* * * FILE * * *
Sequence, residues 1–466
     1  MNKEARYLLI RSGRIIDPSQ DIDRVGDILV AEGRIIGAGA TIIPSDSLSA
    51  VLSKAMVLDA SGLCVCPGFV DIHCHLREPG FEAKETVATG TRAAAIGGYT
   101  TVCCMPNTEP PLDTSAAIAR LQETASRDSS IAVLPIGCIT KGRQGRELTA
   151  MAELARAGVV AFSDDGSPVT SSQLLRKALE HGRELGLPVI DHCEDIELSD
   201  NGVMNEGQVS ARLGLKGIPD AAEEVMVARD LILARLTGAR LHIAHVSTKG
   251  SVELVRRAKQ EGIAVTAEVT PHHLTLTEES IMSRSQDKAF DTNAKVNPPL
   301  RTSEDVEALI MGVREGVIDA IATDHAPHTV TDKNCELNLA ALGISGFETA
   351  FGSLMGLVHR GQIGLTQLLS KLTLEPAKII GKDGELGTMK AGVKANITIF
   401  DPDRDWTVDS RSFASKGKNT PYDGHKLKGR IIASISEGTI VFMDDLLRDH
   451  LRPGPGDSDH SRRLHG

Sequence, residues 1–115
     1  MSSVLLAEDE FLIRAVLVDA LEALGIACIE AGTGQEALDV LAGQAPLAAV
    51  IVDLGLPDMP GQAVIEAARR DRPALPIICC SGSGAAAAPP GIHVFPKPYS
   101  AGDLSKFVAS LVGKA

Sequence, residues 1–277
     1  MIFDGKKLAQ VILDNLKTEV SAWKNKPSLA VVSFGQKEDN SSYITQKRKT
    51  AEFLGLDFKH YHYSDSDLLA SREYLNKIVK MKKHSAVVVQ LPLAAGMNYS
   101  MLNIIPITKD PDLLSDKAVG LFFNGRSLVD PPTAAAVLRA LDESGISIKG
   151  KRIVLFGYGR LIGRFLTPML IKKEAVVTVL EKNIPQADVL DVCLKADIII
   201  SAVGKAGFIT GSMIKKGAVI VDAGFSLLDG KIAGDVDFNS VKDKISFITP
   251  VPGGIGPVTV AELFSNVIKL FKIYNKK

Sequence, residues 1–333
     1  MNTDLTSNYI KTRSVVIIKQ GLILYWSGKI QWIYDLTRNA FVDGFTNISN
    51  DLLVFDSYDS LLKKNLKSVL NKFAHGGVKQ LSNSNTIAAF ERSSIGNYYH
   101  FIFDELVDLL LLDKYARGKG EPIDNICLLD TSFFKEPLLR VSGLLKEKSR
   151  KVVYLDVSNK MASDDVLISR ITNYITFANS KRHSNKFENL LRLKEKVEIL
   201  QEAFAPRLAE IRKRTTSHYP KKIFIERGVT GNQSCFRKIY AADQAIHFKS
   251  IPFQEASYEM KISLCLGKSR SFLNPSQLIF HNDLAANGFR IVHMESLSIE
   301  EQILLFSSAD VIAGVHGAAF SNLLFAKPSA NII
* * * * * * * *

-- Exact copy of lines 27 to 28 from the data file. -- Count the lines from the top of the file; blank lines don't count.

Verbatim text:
   151  KVVYLDVSNK MASDDVLISR ITNYITFANS KRHSNKFENL LRLKEKVEIL
   201  QEAFAPRLAE IRKRTTSHYP KKIFIERGVT GNQSCFRKIY AADQAIHFKS